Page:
It’s that time of year where little girls come knocking on your door to sell you Girl Guide cookies. My own daughters have been doing this for eight years and I have walked many kilometres in that time, helping them do their fair share of the fundraising. Usually, my girls are treated with kindness – either people buy the cookies or politely decline. On the very rare occasion, they are treated rudely which makes my blood boil, but that’s a topic for another day. And once in a while, the person who answers the door says something along the lines of “There’s still such a thing as Girl Guides? That seems really old-fashioned.”
In my humble opinion, there has never been a better time for an organization like Girl Guides. Every single day our girls are bombarded with messages and images that tell them that their worth is measured in their appearance, and more specifically, in their weight. It doesn’t matter how smart you are, how kind you are or how hardworking you are – if you fail at beauty, you fail.
Our girls are far too young to understand how wrong this message is. Heck, lots of adult women don’t understand how wrong this message is. I’ve seen it in my own daughters – watching them judge their value in our world based on a narrow, superficial set of standards that are almost impossible for anyone to meet. And all you have to do is read the comments on YouTube to see that the level of cruelty that can be exhibited by people hiding behind their online anonymity is astounding.
Girl Guides acts almost like an inoculation against the world’s craziness … allowing our girls to develop their character and resiliency to a point where the judgment and meanness of others has far less impact on how they see themselves.
First, Guiding helps build self-esteem. Not in the hairy-fairy sense of just telling girls that they are great and hoping they believe it. Self-esteem doesn’t just fall out of the sky and hit them on the head. Guides gives girls real skills. The girls learn how to set goals. They learn something new, they master it and then they believe just a little bit more in themselves. Have you ever seen a girl build a fire all by herself? It makes her feel pretty powerful. And the confidence in a girl who just nailed a bull’s-eye with a bow and arrow – well, it’s unmistakable.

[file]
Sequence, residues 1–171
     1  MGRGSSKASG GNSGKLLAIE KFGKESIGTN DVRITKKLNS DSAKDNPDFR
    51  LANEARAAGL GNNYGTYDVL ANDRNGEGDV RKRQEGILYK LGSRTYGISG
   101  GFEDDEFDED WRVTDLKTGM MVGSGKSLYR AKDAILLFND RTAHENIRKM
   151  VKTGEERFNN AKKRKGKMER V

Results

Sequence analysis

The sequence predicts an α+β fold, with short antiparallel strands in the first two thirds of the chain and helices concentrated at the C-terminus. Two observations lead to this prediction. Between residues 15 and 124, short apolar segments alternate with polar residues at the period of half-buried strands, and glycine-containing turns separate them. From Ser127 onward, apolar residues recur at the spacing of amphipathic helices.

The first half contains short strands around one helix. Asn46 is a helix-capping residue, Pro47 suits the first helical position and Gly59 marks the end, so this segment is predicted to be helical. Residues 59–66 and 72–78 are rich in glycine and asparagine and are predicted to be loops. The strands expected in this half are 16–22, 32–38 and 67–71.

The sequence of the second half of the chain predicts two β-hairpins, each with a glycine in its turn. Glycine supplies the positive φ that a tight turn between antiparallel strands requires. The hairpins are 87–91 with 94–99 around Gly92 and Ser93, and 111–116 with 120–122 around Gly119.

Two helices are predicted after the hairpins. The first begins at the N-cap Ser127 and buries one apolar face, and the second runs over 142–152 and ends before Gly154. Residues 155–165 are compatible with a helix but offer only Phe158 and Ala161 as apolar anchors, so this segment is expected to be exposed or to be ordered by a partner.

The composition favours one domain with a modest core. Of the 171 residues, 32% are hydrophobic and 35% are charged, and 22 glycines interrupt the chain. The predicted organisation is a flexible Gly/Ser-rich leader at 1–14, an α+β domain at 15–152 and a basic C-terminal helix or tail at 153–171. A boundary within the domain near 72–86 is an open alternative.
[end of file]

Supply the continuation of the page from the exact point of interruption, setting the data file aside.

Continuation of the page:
Second, Guiding helps show girls how to treat other girls. In fact, Guiding teaches girls how to treat other people in general, whether those people are the other girls in her Unit, the kids at her school, or girls from the other side of the world. Character education is built into just about everything that goes on at a Girl Guide meeting. It also teaches the skills they need to be leaders in their communities – and more female leadership in the world can only help girls in the future.
So, if you get a chance to buy a box of Girl Guide cookies, I really think you should. If you don’t want to eat them, give them to a friend or donate them to the food bank. Or try something new with them! Because Girl Guides is an organization worth supporting.
- 1/4 cup butter, softened
- 1 cup sugar
- 2 eggs
- 1 tsp vanilla
- 1 cups milk
- 1 tbsp instant espresso powder
- 2 cups all-purpose flour
- 1/2 cup cocoa
- 1 tbsp baking powder
- 1/2 tsp salt
- 8 Girl Guides Chocolatey Mint Cookies, chopped
Cream butter and sugar. Add eggs and beat until well combined. Add vanilla and milk and blend. In a separate bowl, combine espresso powder, flour, cocoa, baking powder and salt and whisk together. Add dry ingredients to wet and blend well. Add chopped Chocolatey Mint cookies and combine. Turn into greased loaf pan and bake at 350 degrees for 1 hour. Cool for 10 minutes and then turn onto a rack to cool completely.
*This post originally was shared by Laura Keller on HappyCanadianHome. Laura has given GirlGuidesCANBlog permission to re-post it here.
By guest blogger Laura Keller. Laura is a writer and blogger for HappyCanadianHome and Canadian Military Family Magazine. On her blog, she writes about her favourite subjects: her family, what she feeds them, and the other things she does to try to make their home a happy one. For Canadian Military Family Magazine, Laura writes about topics of interests to military families, pulling from her own experience as a military spouse for 17 years.